Saturday, June 25, 2011
Friday, May 6, 2011
Unsuitable nomenclature aside, this stockingnet lace design produces a triangular fabric suitable for shawls. (I can also see it used as a kerchief or as an insertion for a neckline, creating a spot of openwork over the upper breastbone.) The simple pattern is easy to memorize and might be a good first project for the lace novice. After casting on three stitches and working two rows to get started, the 4-row repeat begins. Every right side row starts with a yarn over that is not worked off with a corresponding decrease and every other RS row ends similarly, resulting in the growth and shaping of the piece. The "star stitch" decrease, symbolized on the chart by an asterisk, reduces every three stitches to two and does not produce a bias fabric like o, k2tog.
Friday, March 18, 2011
Tuesday, March 1, 2011
Friday, February 18, 2011
Sunday, November 21, 2010
Monday, August 30, 2010
The patterns are more varied than in the previous sample book. There is knitted lace, yes, but also mittens, baby socks, afghans, slippers, even a knitted skirt and an outfit for a boy doll!
A few pages here and there are filled with other notations. There are several grocery lists, but some are more intriguing. A list of money received and spent in early July 1884. Names and addresses, including a source for "indestructible heads for dolls." Also "3 yds - Mrs. Saunders" and similar notes. And then there's this:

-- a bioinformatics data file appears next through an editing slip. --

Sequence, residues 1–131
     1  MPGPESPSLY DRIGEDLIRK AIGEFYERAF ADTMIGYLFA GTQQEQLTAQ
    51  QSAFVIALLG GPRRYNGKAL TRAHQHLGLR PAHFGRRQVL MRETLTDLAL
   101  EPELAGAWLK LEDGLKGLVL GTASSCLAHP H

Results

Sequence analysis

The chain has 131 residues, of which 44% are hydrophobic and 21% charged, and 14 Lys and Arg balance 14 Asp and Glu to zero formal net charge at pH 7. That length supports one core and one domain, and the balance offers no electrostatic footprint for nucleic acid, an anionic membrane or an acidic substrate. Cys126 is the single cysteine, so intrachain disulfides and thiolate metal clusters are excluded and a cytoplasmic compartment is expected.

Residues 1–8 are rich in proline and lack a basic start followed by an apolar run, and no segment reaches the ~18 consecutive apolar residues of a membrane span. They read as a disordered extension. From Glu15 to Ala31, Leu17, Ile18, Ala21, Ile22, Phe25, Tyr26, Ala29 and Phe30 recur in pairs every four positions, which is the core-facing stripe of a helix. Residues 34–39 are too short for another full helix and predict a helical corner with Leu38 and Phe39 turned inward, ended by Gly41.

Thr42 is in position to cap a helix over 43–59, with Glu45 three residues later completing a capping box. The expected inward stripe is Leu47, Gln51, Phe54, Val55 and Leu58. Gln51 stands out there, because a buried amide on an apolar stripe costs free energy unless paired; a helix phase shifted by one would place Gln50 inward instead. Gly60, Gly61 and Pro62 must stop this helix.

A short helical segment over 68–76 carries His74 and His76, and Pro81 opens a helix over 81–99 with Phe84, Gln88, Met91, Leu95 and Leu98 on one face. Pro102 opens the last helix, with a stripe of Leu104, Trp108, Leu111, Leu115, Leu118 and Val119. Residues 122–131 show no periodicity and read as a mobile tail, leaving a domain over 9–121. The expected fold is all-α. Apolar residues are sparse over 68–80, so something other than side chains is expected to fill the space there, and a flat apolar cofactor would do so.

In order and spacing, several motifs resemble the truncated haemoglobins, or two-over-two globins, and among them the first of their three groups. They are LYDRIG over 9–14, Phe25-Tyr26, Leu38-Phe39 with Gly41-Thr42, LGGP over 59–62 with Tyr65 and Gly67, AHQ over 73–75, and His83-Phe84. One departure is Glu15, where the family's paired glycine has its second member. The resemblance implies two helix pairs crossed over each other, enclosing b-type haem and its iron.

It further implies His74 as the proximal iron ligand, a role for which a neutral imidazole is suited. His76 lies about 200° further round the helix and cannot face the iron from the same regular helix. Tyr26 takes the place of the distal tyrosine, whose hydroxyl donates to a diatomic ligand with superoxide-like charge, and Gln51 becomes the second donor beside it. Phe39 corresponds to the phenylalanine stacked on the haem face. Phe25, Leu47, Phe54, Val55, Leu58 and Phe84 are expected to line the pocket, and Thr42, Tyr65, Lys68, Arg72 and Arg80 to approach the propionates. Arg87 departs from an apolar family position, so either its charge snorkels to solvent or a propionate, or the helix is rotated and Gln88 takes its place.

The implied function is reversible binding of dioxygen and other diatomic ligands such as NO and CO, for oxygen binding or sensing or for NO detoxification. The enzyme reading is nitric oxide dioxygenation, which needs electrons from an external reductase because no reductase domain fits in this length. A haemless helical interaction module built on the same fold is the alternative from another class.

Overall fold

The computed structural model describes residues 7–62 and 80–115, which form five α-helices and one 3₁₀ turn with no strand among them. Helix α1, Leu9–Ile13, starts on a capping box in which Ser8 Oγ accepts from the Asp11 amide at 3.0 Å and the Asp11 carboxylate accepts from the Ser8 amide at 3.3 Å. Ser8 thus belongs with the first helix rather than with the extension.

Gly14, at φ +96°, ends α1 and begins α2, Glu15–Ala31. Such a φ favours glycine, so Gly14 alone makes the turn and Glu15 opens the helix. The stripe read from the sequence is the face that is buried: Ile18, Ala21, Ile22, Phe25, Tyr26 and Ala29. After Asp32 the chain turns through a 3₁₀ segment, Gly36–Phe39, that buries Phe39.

Received from Miss B April 19th 3 skeins of yarn
1033 Bedford Avenue Brooklyn
Sent to Miss B one pair of socks and sample on April 23rd 1889
Might the owner of the notebook have made a living with her needlework?
Most tantalizing of all is a page with a floor plan drawing of "862 River St."
Troy NY is mentioned several times in the notebook, including at the head of the received/spent list mentioned above, so that seemed like a good place to start the search for the house. Through the Wonders of Modern Technology (specifically Google Earth), much to my surprise and delight I was able to find the actual building still standing!
It cannot be proved, but I like to think of this as the home of our second anonymous knitter. Here she may have written in this very notebook by gas- or candlelight, and here she may have practiced her art.
And so I propose to embark on a new journey. Going forward I will share in this space the patterns she collected. I will continue to work my own samples of the lace patterns, but I expect many of the larger works such as the afghans will appear without illustration. The adventure continues!
Next time: Directions for a Mitten